We’ve compiled ten of the stories that we feel represent the best of our reporting for the 2017-2018 school year. We hope you enjoy! They are, in no particular order, as follows:
Ms. Sarah Clauss
Tile Project at 2017 Youth Rally
Art has long been a tool of revolutions — think of Betsy Ross sewing the first American flag or the marching songs of the Civil Rights Movement. Now, the environmental movement is sweeping our nation and it’s doing so in style.
Prior to the Youth Rally in Montpelier last year, students from all around the state decorated tiles cut from repurposed cardboard boxes. Sarah Fadem, a college student working for the environmental organization, Our Climate, organized the project. She asked participants to design their tiles based on the prompt: “What does climate change mean to you?” At the rally, all of the tiles were pulled together to form a giant maple leaf, a classic symbol of Vermont. However, the most intriguing part of this project wasn’t the scale of the finished product or even the use of recycled materials; it was how it captured a multitude of individual voices to push forward one common cause.
To get an artist’s perspective on how environmentalism and art intersect, I turned to CVU’s Emma Ramirez-Richer, an AP Art student and a leader of the EnACT club.
CVC: How do you see art and environmentalism intersecting?
Ramirez-Richer: “I’ve seen a lot of yard art and other large scale sculptures being made of recycled materials. I think that here in Vermont, people don’t want to let ‘junk’ go to waste and try to make something new, enjoyable, and funky. There is also a lot of beautiful photography and landscape paintings. Not just here, but around the world. This type of art really intrigues me. I love seeing natural features of the earth from around the world. Another type of art I think is surprisingly powerful is graphic design and logos when used on stickers and shirts [such as the EnACT carpool stickers designed by Ramirez-Richer]. This kind of art can become widespread and trendy, especially in Vermont!”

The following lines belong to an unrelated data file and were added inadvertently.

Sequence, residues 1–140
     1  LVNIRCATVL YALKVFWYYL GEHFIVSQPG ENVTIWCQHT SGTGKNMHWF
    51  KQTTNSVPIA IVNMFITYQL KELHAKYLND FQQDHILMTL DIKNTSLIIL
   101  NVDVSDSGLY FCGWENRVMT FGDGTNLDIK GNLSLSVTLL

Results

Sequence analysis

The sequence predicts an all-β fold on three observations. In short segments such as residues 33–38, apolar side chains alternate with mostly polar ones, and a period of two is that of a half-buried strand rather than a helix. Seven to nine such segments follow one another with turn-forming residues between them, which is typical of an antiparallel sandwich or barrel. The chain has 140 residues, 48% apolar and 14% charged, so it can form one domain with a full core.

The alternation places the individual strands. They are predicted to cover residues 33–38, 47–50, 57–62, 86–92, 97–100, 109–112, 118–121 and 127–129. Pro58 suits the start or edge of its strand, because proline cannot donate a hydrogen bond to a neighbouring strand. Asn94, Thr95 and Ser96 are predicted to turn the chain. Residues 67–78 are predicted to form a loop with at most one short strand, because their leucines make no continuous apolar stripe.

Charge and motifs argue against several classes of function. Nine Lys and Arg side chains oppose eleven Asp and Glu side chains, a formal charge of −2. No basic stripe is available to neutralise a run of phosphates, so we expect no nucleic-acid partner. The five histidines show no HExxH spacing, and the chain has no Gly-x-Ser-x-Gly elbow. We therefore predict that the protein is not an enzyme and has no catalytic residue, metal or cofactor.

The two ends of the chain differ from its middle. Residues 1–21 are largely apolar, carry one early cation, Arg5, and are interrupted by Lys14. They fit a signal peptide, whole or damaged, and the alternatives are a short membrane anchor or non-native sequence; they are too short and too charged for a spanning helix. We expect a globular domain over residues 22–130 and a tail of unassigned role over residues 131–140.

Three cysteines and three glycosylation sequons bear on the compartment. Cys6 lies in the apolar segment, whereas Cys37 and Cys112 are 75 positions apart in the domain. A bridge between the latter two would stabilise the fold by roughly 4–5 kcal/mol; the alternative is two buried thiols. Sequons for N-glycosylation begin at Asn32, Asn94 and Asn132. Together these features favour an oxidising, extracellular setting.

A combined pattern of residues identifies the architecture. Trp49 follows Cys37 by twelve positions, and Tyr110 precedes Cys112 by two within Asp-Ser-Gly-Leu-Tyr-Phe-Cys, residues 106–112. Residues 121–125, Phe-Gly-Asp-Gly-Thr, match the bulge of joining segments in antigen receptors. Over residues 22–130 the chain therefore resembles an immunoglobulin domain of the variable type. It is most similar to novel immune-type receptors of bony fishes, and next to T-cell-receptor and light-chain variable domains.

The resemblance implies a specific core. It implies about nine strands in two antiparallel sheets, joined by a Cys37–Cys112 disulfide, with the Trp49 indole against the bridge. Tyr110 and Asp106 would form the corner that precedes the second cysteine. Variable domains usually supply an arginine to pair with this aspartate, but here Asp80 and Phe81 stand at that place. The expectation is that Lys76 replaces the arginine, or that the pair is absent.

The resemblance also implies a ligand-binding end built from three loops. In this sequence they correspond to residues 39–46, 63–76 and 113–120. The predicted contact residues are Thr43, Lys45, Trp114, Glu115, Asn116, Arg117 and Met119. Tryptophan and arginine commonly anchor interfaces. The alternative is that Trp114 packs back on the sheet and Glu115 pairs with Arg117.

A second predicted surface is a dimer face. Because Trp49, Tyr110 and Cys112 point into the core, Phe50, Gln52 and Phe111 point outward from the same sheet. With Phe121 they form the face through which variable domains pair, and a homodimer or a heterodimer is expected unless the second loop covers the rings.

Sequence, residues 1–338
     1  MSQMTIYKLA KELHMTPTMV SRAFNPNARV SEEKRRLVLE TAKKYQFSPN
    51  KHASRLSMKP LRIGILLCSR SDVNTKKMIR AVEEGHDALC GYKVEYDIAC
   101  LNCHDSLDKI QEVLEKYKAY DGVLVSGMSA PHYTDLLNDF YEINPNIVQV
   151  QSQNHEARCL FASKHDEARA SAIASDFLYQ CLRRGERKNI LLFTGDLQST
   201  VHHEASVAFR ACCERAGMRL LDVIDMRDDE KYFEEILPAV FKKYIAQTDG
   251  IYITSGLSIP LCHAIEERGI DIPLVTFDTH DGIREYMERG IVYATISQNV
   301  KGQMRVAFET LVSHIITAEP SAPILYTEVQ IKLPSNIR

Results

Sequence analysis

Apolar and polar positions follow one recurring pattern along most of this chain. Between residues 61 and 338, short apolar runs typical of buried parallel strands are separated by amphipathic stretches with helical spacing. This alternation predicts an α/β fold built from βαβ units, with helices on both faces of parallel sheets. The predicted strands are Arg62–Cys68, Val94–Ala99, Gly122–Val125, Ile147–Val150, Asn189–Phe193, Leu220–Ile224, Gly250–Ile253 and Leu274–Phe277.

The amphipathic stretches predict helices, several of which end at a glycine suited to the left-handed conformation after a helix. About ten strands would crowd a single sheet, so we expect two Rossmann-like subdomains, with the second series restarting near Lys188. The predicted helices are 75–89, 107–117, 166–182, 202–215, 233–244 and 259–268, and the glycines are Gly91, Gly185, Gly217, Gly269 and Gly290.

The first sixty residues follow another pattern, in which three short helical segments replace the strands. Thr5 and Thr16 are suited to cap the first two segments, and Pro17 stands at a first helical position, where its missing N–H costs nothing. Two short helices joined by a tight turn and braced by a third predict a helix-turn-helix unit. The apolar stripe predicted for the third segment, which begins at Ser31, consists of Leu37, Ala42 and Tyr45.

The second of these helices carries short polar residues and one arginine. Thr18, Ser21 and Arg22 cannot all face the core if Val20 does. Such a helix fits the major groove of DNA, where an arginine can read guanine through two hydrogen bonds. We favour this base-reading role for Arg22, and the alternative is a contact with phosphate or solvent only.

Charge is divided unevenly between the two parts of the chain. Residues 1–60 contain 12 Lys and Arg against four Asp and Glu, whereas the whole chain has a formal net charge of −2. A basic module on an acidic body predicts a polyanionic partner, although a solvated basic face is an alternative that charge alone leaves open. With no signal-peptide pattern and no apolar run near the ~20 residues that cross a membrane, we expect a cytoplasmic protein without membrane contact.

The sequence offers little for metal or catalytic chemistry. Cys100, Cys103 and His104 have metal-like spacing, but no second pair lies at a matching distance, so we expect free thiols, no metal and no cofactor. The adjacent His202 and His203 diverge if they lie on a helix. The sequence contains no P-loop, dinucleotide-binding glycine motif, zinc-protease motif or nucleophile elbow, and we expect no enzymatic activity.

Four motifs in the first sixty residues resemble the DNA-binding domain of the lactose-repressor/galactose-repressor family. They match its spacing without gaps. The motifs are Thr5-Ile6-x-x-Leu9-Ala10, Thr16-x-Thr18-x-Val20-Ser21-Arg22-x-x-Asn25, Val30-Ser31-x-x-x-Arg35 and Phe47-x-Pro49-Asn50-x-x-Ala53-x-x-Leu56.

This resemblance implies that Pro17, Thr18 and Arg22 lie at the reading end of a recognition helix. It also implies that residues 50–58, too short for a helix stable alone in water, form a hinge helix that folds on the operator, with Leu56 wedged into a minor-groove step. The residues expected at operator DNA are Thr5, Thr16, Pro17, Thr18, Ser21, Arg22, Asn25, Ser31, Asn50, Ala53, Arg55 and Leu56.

CVC: Why do you think that art is so effective as a persuasive tool?
Ramirez-Richer: “The sheer size of it is powerful. Size is kind of the universal world for power. There was power, importance, and tons of support behind the Youth Rally. The intricate designs within the large maple leaf [of last year’s Youth Rally tile art project] represent that individuals have their own take on the large issue.”
CVC: As an artist, do you feel more motivated when there is a movement behind what you are creating? Are there times when having such a serious focus feels intimidating?
Ramirez-Richer: “Yes! It’s absolutely intimidating to create art that is purposeful. It’s hard to incorporate subtle messages into art. It’s very easy to make art with a very ‘in your face’ message, if that makes any sense. I’m not a huge fan of shoving a message, especially a more negative one, onto someone. However, it is rewarding when my viewers feel the emotion I want them to feel.”
Ms. Elyse Martin-Smith
Flynn Show Choir creates the perfect trifecta of singing, dancing, and acting for grades 4-12. On May 17-18th, the Flynn Show Choir had their performances in the FlynnSpace for the spring semester. These shows always sell out in the first few days that the tickets are available. One thing that is even more stunning than the talented performers is the sense of community that Show Choir creates, which is continuing to grow.
Flynn Show Choir consists of four groups; Juniors, Treble Teens, Mixed Teens, and Selects. Each group gets more difficult and advanced as you go on so that each skill level gets the most out of their time, just challenged enough so they can improve. This makes it so each group is unique in its own ways. To participate, you audition in the fall or the spring and are placed in one of these groups.
Mr. Zachary Hark
To sum up how I feel about all of the gun violence in America, I am here to say this: I believe that life comes first, and guns come second. There. I said it. I believe that we, the citizens of America, need to produce stricter gun laws, and, more importantly, outlaw semi automatic guns like the AR-15. The AR-15 is one of the most popular semi automatic guns around today.
Many people say, “oh it’s not the gun that does the shooting, it’s the human,” and yes, I agree with that, partially. However, when the second amendment was written, there were no semi-automatic weapons around, which made it much harder for mass shootings to occur.
I believe that Edward Stack took a very good approach to solving the issue. Edward Stack is the CEO of Dick’s Sporting Goods and his corporation recently took a huge stand on gun sales. The store is no longer selling high capacity magazines and is also not selling guns to consumers under the age of 21.
I applaud every student activist in Florida who is taking a stand. Young people are finally having their voices heard on huge platforms such as CNN, NBC and many more. Political representatives are finally hearing us out and even though we may be young, we have lots of valid points and ideas to make.
In the end, it doesn’t come down to which party you’re in or stand with. Instead, it’s an overall goal. The more lives we save now, the better. I do believe that someone in power will take a stand and will do something about this epidemic. It’s not if, but when.